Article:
A well-presented home is key to sale

#479 in a series of true experiences in real estate
January 2005, Hills Newspapers

We’re right in the thick of it now. We opened our new listing for the first time a few days ago for agents to see, and we’ll be there for at least one Sunday open house as well.

It’s been more than 3 months since we first met the seller, saw the house for the first time, and put a plan for sale into place. Our most pleasant seller told us that she intended to move to an assisted living home. Once she was there and had taken what belongings she wanted with her, the rest of her things were to be organized, priced and sold.

We waited until the house was cleared before scheduling termite and general physical inspectors. And, because the house is located in Berkeley, we also got a bid for compliance with that city’s energy ordinance.

During this period, cleanup of garden and grounds was going on, and hauling of old lumber and such. The basement and garage were gone through and hazardous waste items, such as garden and bug sprays, were taken to the county collection site.

Once we had inspection reports in hand, we suggested that a chimney mason be called to inspect and clean the fireplace. And, after obtaining bids from workmen, and careful thought and discussion with our seller, we agreed on a budget for work to be done on the house.

Our stager chose paint colors for painting most of the interior and portions of the exterior. The wooden floors, which were in good shape but worn, were recoated. And several light fixtures were purchased and hung.

Sometime during the 50 years the seller had lived in the house, she’d had a clothes washer hooked up in her kitchen. But the dryer was located in the basement, and this meant that it was necessary to carry washed and clean, but wet and heavy, clothes outside and around the corner to the basement.

We gave first priority in the budget for money to move the washer adjacent to the dryer. In the kitchen, we had a new dishwasher and cabinet installed. We had our hearts set on a hefty wooden butcher block countertop, and by calling around, we were able to find one for a reasonable price. The new arrangement is useful and it looks wonderful.

The stager began work on the house bringing in chairs and tables, lamps, pictures and rugs. And she purchased and hung attractive new metal curtain rods.

Whenever suitable to the house, we ask that our stager hang sheer curtains on windows, which are left for the buyer to keep. That is what we had planned for this house, too, but the windows in this house are unusually tall, too tall for the curtains we usually buy. An Internet search turned up the right length at Penney’s. We placed our order and were pleased to receive them by mail 3 days later.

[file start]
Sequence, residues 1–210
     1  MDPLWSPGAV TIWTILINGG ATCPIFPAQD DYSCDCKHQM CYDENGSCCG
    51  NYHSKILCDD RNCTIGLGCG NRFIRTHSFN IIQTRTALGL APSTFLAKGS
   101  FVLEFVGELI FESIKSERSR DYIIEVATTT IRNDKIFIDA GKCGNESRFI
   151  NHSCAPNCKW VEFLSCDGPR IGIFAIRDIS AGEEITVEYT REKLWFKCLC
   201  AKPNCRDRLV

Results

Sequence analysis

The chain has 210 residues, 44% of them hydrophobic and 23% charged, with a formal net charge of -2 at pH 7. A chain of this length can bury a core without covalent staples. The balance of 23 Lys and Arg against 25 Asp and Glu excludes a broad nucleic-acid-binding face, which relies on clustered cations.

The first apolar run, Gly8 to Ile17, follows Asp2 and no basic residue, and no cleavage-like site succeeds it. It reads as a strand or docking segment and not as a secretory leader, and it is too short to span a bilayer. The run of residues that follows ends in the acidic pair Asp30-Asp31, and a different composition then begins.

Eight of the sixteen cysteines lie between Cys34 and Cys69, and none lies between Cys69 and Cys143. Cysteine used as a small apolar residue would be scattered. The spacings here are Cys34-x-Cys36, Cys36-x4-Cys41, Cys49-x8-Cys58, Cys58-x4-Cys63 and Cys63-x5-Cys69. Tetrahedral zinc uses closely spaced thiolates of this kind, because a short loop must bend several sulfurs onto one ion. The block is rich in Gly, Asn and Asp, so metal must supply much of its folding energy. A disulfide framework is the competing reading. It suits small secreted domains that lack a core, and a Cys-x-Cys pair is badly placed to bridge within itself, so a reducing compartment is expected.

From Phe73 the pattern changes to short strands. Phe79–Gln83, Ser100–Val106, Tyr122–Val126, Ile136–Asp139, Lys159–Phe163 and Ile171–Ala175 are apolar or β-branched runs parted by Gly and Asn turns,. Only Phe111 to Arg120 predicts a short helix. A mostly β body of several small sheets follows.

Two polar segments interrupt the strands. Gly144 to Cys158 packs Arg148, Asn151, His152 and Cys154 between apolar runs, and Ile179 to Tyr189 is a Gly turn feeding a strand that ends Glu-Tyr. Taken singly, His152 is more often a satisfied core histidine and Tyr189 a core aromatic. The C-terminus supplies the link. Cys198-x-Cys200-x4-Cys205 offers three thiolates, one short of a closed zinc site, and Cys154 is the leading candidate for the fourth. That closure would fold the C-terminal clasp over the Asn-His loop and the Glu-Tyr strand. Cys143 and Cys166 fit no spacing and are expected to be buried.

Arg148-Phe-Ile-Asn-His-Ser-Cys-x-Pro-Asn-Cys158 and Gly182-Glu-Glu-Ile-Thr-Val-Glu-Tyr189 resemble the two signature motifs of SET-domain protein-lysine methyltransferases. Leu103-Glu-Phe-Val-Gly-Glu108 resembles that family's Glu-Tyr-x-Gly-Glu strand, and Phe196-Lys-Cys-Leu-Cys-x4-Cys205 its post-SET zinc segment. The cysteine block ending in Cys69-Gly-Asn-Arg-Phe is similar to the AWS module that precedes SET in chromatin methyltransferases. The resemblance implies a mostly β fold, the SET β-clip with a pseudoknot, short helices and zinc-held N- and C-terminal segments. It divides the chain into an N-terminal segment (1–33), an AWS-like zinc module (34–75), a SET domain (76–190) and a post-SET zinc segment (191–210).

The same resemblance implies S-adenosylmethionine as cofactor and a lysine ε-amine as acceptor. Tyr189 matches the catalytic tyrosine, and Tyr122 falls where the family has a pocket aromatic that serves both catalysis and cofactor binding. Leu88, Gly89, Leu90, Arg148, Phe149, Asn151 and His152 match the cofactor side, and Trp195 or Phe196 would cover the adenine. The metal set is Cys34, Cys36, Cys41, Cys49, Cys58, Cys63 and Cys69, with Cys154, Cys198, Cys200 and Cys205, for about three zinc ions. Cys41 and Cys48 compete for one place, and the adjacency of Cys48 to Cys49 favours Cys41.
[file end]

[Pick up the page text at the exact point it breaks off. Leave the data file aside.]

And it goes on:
We take disclosures seriously, both our own agent disclosure and those of the seller. We met twice with our seller, asked her numerous questions, and wrote down all of the information she gave us about the house and its individualities, also improvements she’d made and when she made them.

Once typed up, she signed a written statement, as well as numerous local and state disclosures covering everything from water heater strapping to earthquake zones.

Little things were still going on at the house: new address numbers, mailbox, and doormats, new motion detector lights on the front stairs, and power washing of the brick patio. A bed of blue violas was planted by the front door and a row of neatly trimmed rosemary “trees” put in.

We were by now writing down words and ideas for an advertising flyer to be mailed to agents and given out to visitors at the house. We took photos, had a floor plan made, and the flyer was created, then sent to be printed.

The window washers and cleaners came, and now the house was largely ready. But it was close to mid-December and, we felt, not the best time to go on the market. Better, we told our client, that we wait until the market wakes up again in January.

While waiting during the holidays, we prepped our mailing list, wrote ads for the newspapers, and fretted over the rain. It rained and rained. Everything, everywhere, it seemed, was wet and muddy. We bought bags of bark to lay down outside the house and took extra doormats there.

The stager added last minute flowers, bird baths, candles for a feeling of warmth. We hung signs cautioning that the wooden stairs are slippery when wet.

Just a few days before our first open house, serendipitously we met a young man who is just starting a catering business. We liked him so much, we immediately hired him to make sandwiches for us. We are fortunate in life. The sandwiches were delicious.

And now, we are here. The house is on multiple listing and on the Internet. We’ve posted photos on our own website.

The rain has stopped, thank goodness, and we are enjoying a very favorable response to the house and to the careful prep accomplished by so many. Again and again, we find that agents and buyers do appreciate clean, good looking, well-detailed houses.

We are talking to agents, answering questions and giving out disclosure packages, and we expect that there will be more than one offer to buy the house within a week.

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